Wednesday, May 27, 2009

23rd, 24th May.

Finally, the gods smiled, the sun shone, and the birds arrived....better late than never! 92 birds were banded over the two days, with three new species added to the ever expanding list for the "Rare" property. These are Black-billed Cuckoo, Orchard Oriole and Indigo Bunting.

On the downside, we learned that mist nets are no impediment to deer, with perhaps the most consistent catching site out of operation on Sunday, thanks to said deer. I hope the animal meets a sticky end.....preferably sooner rather than later! I never liked "Bamby" as a I know why.

For those of you who have commented about the colour of my nail polish in some of the images, it's lusterous pink, and you can get it at any pharmacy or Wal-Mart. Sorry about the chipped appearance, I'll try harder in future. The other person in the pictures is Erika, who coincidentally wears the same shade. She is the one holding the Black-billed Cuckoo, and looking all pleased with herself.......I hope that clears up the mystery, Tony!

Here is the list, again in random order:

Wilson's Warbler 4
Traill's Flycatcher 6
Common Yellowthroat 7
Yellow Warbler 10
American Goldfinch 11
House Wren 1
Warbling Vireo 3
Indigo Bunting 2
Baltimore Oriole 2
Gray Catbird 5
Northern Cardinal 1
Red-winged Blackbird 3
Song Sparrow 4
Orchard Oriole 4
Cedar Waxwing 8
Brown-headed Cowbird 2
Starling 2
American Robin 1
Black-billed Cuckoo 3
Magnolia Warbler 2
Common Grackle 4
Black-capped Chickadee 1
Red-eyed Vireo 1
Rose-breasted Grosbeak 2
Swainson's Thrush 2
American redstart 1
Total 92, of 26 species.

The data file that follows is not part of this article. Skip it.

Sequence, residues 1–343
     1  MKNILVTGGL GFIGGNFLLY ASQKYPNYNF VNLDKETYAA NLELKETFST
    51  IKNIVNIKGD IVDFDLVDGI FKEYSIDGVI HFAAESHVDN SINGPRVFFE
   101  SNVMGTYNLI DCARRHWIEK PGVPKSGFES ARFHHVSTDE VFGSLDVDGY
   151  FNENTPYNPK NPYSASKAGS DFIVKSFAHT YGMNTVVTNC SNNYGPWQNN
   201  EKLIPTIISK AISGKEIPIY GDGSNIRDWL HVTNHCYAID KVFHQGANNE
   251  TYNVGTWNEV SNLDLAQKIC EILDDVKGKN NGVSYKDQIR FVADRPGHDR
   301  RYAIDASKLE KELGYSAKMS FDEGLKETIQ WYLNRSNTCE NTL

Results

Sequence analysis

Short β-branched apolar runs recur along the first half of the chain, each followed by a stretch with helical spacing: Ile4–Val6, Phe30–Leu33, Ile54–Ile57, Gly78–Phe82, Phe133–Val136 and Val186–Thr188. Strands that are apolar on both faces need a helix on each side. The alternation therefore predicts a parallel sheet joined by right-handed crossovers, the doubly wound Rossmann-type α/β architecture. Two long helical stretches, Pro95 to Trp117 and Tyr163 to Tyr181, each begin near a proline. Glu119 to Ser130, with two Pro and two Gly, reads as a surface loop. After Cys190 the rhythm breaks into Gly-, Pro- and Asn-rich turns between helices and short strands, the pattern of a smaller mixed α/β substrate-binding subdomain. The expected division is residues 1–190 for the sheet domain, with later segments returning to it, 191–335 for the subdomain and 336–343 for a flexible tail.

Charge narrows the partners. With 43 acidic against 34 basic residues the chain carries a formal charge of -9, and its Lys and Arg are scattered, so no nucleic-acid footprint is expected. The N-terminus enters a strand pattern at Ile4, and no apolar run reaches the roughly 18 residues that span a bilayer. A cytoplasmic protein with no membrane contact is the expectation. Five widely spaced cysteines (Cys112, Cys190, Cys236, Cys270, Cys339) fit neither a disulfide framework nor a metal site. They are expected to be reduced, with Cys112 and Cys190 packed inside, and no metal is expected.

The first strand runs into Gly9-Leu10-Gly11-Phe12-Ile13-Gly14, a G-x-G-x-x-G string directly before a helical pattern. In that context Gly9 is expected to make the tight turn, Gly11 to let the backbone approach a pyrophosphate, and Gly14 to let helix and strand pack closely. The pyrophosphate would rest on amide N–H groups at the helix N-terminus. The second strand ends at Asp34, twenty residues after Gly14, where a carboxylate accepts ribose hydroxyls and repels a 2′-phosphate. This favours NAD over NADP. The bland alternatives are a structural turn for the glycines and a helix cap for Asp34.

Not a bad weekend's tally, considering the lateness of the season. The upcoming weekend is our last for the Spring, so we are hopeful of adding to our current total of 255 birds, comprising 43 species.
Thanks again to Georg Hentsch for the images of Warbling Vireo, Orchard Oriole, and the lovely Erika with Black-billed Cuckoo.
See you again next week!

Wednesday, May 20, 2009

Thanks, Vicky!

I never thought Queen Victoria would be responsible for saving the weekend banding effort, but, in this case, that's exactly what she did! Without a holiday in her honour, I would have been sitting in my office, diligently working, and feeling right fed up with the weekend weather.....which was quite dreadful from a bander's perspective. Saturday was a rainswept, stormy day, and Sunday was windy as well as cold (max temp 7 degrees), although the sun shone all day long.
Which brings me to Monday, the Victoria Day holiday (cheers Vicky, wish you were here to have pint with the team!). A lovely sunny day, with just a gentle south westerly breeze, and best of all, quite a number of birds around the property. The local Yellow Warblers were engaged in frantic courtship display, a pair of Orchard Orioles were prospecting for suitable nest sites, and the first Least Flycatchers, Eastern Kingbirds and Ruby-throated Hummingbirds made their welcome appearances. Also, finally, warblers were moving through the area, with lots of song greeting the rising sun. A total of 48 birds were banded during the session, of 16 species, as follows:

Magnolia Warbler 10
American Redstart 5
Wilson's Warbler 1
Yellow Warbler 4
Common Yellowthroat 2
Black & White Warbler 1
Western Palm Warbler 1
Blackpoll Warbler 2
Myrtle Warbler 1
American Goldfinch 4
Baltimore Oriole 5
Rose-breasted Grosbeak 3
Gray Catbird 5
American Robin 1
Red-winged Blackbird 1
Northern Cardinal 2

Thanks once more to Georg Hentsch for the photographs, above, of a Blackpoll Warbler, and by way of contrast, a Black and White Warbler......and as I know you are all waiting to learn who received this week's "Doofus" award.....well, it was me, but I'm not telling you why!